In AlUla and across Saudi Arabia, the emerging screen sector is lifted by the ambition and potential of young Saudi nationals.
It was the end of a long day at the office. A young colleague said, “Let’s have a change of scenery.” We got in her car and drove into the hills of AlUla, the Saudi city where we work in film development. Up the steep hills we drove, round and round, traffic whizzing madly by. I looked at her and said, “Are you not frightened?”
“I’m not frightened of anything,” she answered.
This is not the image that the rest of the world might have of a Saudi woman in her 20s. Yet it is the energy, ambition and indeed the fearlessness of the young people of Saudi Arabia that gives me such high hopes for the growth of the Kingdom’s film industry.
Saudi Arabia is a young country – 40.2% of the population is aged 24 or younger, versus for example 31.4% in the US. And their love of movies has driven a rapid growth in cinemas: from a standing start in 2018, the country this year reached 342 screens and over 35,000 seats, with more growth to come.
An image on film is in essence light captured and conveyed within a frame. It is my belief that the emerging Saudi film industry is a frame that can capture and convey the bright light of young Saudis – and, as we compile these frames, tell a new story to the world.
Film AlUla, the film agency of the Royal Commission for AlUla (RCU), serves the RCU vision to regenerate northwest Saudi Arabia as a leading global destination for cultural and natural heritage. Productions that Film AlUla has hosted since our launch in 2020 include the action movie Kandahar starring Gerard Butler, the Russo brothers drama Cherry starring Tom Holland, and Saudi filmmaker Tawfik Alzaidi’s debut feature Norah, with an all-Saudi cast. So far, we have hosted 694 production-days at AlUla. But it is the emerging generation that will sustain the coming transition from the birth of a sector to its maturity.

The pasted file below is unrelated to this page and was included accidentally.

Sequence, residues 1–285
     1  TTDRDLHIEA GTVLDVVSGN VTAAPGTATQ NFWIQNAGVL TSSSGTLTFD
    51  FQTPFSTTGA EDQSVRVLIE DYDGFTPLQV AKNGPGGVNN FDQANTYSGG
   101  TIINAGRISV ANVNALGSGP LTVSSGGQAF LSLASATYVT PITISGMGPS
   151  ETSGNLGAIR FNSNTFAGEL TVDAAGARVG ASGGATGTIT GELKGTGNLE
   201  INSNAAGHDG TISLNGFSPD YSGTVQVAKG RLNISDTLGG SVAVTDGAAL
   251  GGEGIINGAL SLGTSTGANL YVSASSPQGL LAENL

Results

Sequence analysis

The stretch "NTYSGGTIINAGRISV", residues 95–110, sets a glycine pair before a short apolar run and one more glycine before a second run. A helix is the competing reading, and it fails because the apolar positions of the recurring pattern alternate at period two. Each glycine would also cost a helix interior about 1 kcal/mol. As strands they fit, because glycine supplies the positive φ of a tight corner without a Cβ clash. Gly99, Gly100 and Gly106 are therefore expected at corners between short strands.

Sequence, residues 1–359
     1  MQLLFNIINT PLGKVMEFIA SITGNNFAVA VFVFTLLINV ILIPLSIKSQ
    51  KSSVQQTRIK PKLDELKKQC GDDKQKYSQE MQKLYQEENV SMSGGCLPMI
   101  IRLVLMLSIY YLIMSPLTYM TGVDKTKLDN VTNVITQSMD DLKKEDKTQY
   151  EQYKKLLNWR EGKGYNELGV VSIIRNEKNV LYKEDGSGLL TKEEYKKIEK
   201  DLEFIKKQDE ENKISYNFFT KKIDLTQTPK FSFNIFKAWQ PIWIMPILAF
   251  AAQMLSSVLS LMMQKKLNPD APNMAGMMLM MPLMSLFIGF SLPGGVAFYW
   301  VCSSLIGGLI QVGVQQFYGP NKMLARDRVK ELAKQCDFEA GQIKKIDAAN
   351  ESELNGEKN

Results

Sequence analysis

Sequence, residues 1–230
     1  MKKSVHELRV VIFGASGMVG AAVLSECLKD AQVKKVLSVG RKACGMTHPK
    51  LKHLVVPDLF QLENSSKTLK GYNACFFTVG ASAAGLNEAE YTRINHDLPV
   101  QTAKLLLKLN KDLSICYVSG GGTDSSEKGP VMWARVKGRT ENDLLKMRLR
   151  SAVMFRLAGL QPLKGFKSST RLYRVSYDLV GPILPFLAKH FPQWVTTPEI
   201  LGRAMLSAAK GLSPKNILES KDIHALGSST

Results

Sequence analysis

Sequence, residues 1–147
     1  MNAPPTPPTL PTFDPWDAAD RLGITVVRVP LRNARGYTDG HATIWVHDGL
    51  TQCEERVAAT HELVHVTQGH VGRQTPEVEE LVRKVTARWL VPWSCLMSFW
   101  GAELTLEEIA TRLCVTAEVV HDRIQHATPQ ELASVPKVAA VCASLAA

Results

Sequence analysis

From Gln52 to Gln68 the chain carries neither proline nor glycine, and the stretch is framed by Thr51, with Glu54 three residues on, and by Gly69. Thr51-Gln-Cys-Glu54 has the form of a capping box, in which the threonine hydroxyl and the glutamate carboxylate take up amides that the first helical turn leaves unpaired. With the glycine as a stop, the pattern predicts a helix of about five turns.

With that in mind, this year Film AlUla is launching an in-house training programme with a team from the Creative Media Skills Institute. Their experts will be coming to AlUla, and we’ll put out an open call for residents who are interested in learning about a future in film. We’ll answer questions such as: What does it mean to be on set? What does it mean to age a piece of clothing in a war film?
In this way, we hope to train 100 students for work in future productions at AlUla. We are also developing training programmes with the Saudi Film Commission that will be locally accessible and provide on-the-ground experience.
The energy and skill are there; we just need to nurture them. Recently, several residents of AlUla helped with the production of a Saudi film. They were there as extra pairs of hands, just helping out. But they made a positive impression, and now several will be working on the set of Dune: Part Two when it is shot in the region.
Internationally, there is a need for talent in this space. The demand is there for our supply.
To promote local talent, Film AlUla signed on as a strategic sponsor of the Red Sea International Film Festival, which was held December 1-10 in Jeddah. We sponsored the Audience Award and the Best Saudi Film Award, each with a prize value of $50,000.
Of course, at the same time as we are developing the human infrastructure, we are building up the physical and economic infrastructure for film to succeed at AlUla. Key elements include designing and building studio spaces, building more than 300 self-contained bungalows for crew, developing local businesses to support the sector’s knock-on needs (e.g., catering), ensuring equipment can be imported and stored without problems, using our local knowledge to do advance scouting for locations, and pressing home the advantages of the Saudi Film Commission’s rebate of up to 40% on costs.
The strategy is off to a strong start. Interest from regional and international producers across the screen sector is growing sharply. And when these producers come to AlUla in growing numbers, they will be impressed not only by the beauty of the land but by the ability of the young people who represent the future of Saudi cinema.
Charlene Deleon-Jones is Executive Director of Film AlUla.